NASSAU, Bahamas, Tuesday April 12, 2016 – Japan and the Inter-American Development Bank (IDB) are partnering to invest US$3 billion in Latin America and the Caribbean to support renewable energy and energy efficiency projects, as well as quality infrastructure projects related to energy savings.
The agreement between the IDB and the Japan International Cooperation Agency (JICA) expands on the Co-financing for Renewable Energy and Energy Efficiency (CORE) programme, which was created in 2012 to support energy investments to mitigate climate change impacts in Central America and the Caribbean.
It will increase the target amount of JICA’s highly concessional loan window from US$1 billion to US$3 billion, and will extend the term of the programme until April 2021. This will also broaden CORE’s geographical reach, enabling partners to fund projects in all low-and middle- income IDB borrowing member countries, as well as more vulnerable Caribbean economies not previously covered by the programme.
An innovative aspect of this arrangement is the Japanese government’s creation of the Japan Quality Infrastructure Initiative (JQI), the IDB’s first built-in grant mechanism for a co-financing arrangement. Additionally, its prioritization of infrastructure furthers the Japanese government’s aim to promote quality infrastructure in Latin America and the Caribbean as a way of improving energy efficiency, safety, and sustainability.
The agreement was signed by IDB President Luis Alberto Moreno and JICA’s Vice President Hidetoshi Irigaki during the IDB’s just ended 2016 Annual Meeting in Nassau, Bahamas.
“Japan has been a valuable partner as we have worked hard to put sustainability at the front and center of our operations,” said IDB President Luis Alberto Moreno. “Latin America and the Caribbean have enormous energy and infrastructure needs and we believe the programme will help ensure that these investments have an even greater positive impact.”
“We believe the expanded programme can serve as a vehicle for accelerating the establishment of quality infrastructure in Latin America and the Caribbean, generating positive long-term impacts of economic, environmental, and social importance,” said Manabu Sakai, the State Minister of Finance of Japan.
“Its expansion will not only broaden its geographical reach but bolster the region´s infrastructure efforts by reinforcing the importance of the sector. Japan is very much looking forward to continuing the transfer of its technology and experience to the region as a means of advancing sustainable development.”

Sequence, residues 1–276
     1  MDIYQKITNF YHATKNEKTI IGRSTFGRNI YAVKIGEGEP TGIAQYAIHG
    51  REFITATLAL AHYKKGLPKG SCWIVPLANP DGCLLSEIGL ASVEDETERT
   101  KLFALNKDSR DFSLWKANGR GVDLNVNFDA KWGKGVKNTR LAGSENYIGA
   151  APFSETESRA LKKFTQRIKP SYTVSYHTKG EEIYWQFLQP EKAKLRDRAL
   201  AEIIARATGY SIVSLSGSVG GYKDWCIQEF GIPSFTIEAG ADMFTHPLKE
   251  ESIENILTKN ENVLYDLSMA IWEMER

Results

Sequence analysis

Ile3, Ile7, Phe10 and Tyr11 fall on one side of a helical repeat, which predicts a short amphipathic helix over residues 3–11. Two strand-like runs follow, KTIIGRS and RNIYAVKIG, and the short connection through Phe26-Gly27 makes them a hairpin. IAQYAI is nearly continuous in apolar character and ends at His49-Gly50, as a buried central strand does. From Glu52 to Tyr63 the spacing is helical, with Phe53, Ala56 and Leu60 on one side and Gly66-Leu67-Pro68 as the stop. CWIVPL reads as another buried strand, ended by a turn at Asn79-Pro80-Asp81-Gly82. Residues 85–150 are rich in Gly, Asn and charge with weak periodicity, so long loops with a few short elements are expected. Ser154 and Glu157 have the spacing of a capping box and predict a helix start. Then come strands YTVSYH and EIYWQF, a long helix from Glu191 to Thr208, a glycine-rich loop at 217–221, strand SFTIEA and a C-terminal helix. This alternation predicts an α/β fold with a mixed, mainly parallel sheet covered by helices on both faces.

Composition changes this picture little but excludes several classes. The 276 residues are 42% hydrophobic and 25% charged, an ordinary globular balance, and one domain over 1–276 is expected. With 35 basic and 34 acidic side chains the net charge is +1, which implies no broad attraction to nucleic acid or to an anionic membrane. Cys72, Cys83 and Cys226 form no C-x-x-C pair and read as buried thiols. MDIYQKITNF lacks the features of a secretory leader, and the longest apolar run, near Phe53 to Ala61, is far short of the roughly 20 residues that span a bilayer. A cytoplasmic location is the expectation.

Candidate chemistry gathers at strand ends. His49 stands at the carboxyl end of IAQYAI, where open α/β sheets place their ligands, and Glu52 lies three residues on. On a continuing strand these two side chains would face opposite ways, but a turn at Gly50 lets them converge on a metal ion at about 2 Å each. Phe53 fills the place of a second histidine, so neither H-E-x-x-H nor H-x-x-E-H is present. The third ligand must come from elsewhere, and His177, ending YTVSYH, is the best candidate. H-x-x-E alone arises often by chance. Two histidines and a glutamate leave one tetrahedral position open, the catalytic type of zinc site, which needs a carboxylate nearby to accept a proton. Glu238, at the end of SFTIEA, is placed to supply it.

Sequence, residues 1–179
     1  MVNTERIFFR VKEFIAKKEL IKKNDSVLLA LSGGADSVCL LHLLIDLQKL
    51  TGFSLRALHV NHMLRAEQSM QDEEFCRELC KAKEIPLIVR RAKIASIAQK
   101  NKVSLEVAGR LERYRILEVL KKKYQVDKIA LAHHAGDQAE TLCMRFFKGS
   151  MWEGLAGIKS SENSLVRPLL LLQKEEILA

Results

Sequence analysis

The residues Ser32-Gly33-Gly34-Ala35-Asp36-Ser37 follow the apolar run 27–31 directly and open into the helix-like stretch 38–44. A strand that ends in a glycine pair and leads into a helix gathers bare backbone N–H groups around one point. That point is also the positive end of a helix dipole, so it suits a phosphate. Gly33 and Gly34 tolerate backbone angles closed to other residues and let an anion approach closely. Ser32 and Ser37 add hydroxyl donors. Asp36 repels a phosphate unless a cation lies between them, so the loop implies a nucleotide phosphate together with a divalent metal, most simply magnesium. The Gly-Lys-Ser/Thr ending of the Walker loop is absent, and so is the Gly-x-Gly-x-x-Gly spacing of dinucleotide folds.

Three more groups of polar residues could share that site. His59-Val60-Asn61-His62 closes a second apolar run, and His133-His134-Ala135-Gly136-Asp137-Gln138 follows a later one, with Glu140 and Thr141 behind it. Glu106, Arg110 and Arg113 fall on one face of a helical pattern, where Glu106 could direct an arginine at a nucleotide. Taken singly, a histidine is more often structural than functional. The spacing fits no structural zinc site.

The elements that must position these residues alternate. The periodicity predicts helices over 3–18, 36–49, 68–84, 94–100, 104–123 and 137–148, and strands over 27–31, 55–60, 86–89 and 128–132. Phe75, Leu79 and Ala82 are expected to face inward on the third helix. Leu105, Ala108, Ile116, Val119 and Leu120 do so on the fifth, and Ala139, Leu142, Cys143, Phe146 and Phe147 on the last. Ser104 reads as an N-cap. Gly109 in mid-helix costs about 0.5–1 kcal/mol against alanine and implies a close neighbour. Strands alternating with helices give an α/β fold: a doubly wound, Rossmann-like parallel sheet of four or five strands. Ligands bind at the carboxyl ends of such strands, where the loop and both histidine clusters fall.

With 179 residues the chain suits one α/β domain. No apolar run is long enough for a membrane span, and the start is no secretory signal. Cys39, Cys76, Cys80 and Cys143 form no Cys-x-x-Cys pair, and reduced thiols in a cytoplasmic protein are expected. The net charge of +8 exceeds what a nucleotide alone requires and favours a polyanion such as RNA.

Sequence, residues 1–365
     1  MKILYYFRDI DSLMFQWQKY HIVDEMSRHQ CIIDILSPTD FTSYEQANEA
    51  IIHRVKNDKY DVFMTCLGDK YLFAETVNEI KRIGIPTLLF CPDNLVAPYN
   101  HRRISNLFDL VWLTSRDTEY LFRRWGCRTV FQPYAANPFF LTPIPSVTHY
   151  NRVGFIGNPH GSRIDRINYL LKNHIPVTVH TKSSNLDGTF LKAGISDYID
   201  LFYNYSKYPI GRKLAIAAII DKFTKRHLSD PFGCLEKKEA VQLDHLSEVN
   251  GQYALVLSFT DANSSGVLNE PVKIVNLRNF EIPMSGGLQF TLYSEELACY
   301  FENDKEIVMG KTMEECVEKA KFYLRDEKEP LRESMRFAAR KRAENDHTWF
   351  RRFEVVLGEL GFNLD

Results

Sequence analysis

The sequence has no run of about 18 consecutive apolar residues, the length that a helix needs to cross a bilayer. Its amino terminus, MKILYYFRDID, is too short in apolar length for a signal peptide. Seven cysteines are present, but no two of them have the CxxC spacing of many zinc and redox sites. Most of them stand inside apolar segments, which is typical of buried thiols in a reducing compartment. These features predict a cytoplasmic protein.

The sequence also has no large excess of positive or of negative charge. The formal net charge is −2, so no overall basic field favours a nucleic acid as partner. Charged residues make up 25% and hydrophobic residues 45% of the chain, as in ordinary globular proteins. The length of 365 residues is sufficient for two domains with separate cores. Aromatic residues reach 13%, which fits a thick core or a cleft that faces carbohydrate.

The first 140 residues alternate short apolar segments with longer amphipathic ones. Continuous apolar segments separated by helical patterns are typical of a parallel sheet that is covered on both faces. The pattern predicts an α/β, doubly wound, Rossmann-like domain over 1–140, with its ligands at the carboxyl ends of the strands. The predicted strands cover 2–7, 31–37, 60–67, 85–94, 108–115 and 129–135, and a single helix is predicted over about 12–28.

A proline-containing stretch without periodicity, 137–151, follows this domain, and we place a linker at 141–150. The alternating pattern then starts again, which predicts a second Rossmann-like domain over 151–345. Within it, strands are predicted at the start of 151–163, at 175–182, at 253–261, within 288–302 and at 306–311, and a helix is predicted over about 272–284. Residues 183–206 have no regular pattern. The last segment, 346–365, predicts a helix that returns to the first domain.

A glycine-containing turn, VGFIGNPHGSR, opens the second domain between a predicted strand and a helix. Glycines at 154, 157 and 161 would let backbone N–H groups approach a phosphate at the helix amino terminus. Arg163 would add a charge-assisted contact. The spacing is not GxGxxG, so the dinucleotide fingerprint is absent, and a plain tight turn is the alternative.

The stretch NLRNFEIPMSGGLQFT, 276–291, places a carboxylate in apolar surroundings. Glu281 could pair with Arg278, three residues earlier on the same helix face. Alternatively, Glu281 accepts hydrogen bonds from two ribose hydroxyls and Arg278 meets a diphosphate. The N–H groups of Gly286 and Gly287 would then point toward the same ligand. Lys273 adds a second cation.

Irigaki said JICA would continue to work with the IDB on challenges in Latin America and the Caribbean, mainly in the fields of renewable energy and energy efficiency, now under the Japanese government’s initiative to globally promote quality infrastructure.
Established in 2012 with an initial target amount of US$300 million and later expanded to US$1 billion in 2014, the CORE mechanism has proven an effective approach to promoting renewable energy and energy efficiency in Central America and the Caribbean. To date, the programme has channeled approximately US$800 million of JICA’s highly concessional resources, which are leveraged by IDB loans, to the LAC region.
The first co-financing loans under CORE have been approved by the partners to fund renewable energy and energy efficiency programmes in Nicaragua and Honduras, as well as efforts to develop geothermal energy in Costa Rica. Co-financing programmes for the Eastern Caribbean for development of geothermal energy are currently in the advanced stage of preparation.
This financing will move the LAC region forward in its efforts to meet the goals set by COP21 as well as by the United Nations’ Sustainable Energy for All (SE4All) initiative which aims to double energy efficiency and renewable energy use in the region by 2030.
Joining the IDB as its first Asian member country in 1976, Japan has contributed over US$5 billion to the IDB’s financial resources and, more recently, an additional US$3.5 billion to the Bank’s capital increase.